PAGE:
Fifty or sixty years ago, when someone needed help with addiction, friends and family may have sent them to a religious-based program. And the hopes was that through finding a closer relationship with God, the addiction would eventually come to an end. Although religion continues to be a common path of recovery for thousands of men and women, today there is not just one road to recovery, there are several. This article will explore the different paths that people may take to find their sobriety and stay strong in it.
Over the past few decades, there has been a great number of studies on addiction and recovery. And in this effort to understand recovery better, experts studied the many paths people may take in order to recover. Some men and women have found a single approach, such as religion and spirituality, while others have used a combination of approaches to get sober.
Below is a list of paths that are common to men and women working towards sobriety:
Religion or Spirituality
There are many programs through various churches and religious organizations that people use to get sober. They may have already been a part of a certain religious organization prior to getting addicted to drugs or alcohol. Because of the familiarity and comfort of their religious path, they choose to recover through this path.
Essentially, this path could be categorized above, under Religion and Spirituality because the 12-step model invites a person to develop a relationship with a higher power. However, there are many participants of the 12-step path that aren’t religious in other ways and this is a path of recovery many people take.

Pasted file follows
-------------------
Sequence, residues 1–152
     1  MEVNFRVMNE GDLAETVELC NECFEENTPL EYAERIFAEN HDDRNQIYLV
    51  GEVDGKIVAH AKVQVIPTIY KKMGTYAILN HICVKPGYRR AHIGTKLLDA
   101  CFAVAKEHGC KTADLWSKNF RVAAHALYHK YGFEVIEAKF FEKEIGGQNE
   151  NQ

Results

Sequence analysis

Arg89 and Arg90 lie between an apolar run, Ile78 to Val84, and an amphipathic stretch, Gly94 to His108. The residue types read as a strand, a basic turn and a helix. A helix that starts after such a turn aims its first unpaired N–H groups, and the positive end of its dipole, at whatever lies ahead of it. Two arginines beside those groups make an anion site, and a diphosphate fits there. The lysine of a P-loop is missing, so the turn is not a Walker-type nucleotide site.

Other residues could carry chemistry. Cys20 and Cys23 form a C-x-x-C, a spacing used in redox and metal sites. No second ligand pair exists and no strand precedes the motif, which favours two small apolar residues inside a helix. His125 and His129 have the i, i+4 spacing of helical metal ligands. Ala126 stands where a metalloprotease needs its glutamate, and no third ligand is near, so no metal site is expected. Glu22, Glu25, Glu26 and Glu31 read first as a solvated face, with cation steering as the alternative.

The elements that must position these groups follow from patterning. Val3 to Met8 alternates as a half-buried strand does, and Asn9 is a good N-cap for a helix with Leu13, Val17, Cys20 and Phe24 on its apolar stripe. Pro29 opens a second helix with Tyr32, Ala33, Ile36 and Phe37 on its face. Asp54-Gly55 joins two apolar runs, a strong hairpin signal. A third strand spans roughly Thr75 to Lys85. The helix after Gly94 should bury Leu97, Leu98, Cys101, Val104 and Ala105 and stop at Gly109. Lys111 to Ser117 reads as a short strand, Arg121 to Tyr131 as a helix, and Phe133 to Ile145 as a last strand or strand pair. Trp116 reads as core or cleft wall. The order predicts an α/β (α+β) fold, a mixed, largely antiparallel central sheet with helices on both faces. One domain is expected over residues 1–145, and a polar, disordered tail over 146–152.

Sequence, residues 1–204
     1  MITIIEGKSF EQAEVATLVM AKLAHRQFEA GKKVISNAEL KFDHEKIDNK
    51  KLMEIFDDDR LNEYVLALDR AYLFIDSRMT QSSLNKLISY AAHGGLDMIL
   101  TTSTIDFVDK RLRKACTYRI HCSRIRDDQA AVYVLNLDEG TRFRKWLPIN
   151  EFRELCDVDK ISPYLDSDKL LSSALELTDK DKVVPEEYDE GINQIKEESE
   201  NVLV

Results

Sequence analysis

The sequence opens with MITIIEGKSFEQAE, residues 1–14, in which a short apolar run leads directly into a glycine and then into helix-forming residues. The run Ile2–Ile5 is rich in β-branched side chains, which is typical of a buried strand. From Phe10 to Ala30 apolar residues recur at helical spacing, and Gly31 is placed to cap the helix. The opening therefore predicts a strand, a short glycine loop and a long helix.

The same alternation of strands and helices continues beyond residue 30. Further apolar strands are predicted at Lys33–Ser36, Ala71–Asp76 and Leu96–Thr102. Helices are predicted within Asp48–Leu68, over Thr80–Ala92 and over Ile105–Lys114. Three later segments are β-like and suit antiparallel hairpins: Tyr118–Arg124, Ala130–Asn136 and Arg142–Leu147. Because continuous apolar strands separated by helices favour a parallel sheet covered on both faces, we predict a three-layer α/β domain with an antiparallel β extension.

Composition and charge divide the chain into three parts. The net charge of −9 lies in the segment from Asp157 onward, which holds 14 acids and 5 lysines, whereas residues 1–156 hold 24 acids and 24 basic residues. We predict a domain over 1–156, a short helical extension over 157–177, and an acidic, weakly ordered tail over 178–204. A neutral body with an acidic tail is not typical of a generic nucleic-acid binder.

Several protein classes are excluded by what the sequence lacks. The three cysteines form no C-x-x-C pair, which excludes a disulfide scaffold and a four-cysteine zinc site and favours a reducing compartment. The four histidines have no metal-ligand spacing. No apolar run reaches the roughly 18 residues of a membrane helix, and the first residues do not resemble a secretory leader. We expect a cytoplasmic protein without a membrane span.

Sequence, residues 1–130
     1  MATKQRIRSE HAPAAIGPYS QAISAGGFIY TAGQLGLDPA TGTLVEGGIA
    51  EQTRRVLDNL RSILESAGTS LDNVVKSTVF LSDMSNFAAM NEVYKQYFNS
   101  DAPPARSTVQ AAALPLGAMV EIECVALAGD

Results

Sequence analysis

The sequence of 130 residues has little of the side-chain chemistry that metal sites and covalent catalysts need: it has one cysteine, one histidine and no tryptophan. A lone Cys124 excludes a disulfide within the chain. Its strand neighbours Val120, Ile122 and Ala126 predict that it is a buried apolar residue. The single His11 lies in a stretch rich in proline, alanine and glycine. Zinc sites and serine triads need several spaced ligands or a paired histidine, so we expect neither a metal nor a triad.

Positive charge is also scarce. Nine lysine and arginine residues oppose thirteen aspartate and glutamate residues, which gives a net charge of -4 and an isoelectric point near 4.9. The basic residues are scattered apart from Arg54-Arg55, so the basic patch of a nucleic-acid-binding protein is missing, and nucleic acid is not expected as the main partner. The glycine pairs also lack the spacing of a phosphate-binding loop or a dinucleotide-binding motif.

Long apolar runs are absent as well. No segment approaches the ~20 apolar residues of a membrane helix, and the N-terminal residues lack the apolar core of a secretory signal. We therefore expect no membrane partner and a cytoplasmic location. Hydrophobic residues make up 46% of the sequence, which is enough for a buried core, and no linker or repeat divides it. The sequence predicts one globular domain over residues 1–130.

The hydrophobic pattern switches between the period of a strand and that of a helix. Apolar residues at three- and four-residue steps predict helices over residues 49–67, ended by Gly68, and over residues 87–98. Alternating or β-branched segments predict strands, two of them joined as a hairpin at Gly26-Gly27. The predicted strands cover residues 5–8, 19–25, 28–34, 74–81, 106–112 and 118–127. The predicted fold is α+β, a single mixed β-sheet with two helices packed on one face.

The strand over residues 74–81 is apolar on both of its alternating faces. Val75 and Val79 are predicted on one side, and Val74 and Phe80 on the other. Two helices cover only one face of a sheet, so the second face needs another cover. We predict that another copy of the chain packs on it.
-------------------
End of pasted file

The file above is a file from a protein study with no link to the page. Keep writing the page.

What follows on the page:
In addition to the 12-step model, there are other recovery organizations that have purposely left the religion out of recovery, such as Secular Organization for Sobriety or S.O.S.
Some recovering addicts might turn to alternative modalities in order to heal from addiction. These may include yoga, meditation, acupuncture, and hypnosis.
Just as someone might find comfort in their religious community, others may find comfort in a cultural-based group, such as White Bison for Native Americans.
There are many men and women who in recovery and who use a combination of paths. For instance, they may rely upon their church for some recovery support while attending a 12-step group and also taking yoga and meditation classes in their community.
In rare cases, some people are able to recover from addiction on their own. However, it should be noted that these individuals may have a strong network of support, they may not have a genetic predisposition toward addiction, and they may not have a long history of addiction. Typically, addiction is hard to overcome and requires professional help. Yet, there are people who can recover on their own without relapse.
Keep in mind that this is not an exhaustive list. There may be other paths of recovery not listed here. However, for someone new to recovery, this list might be useful in finding a path that’s right for them.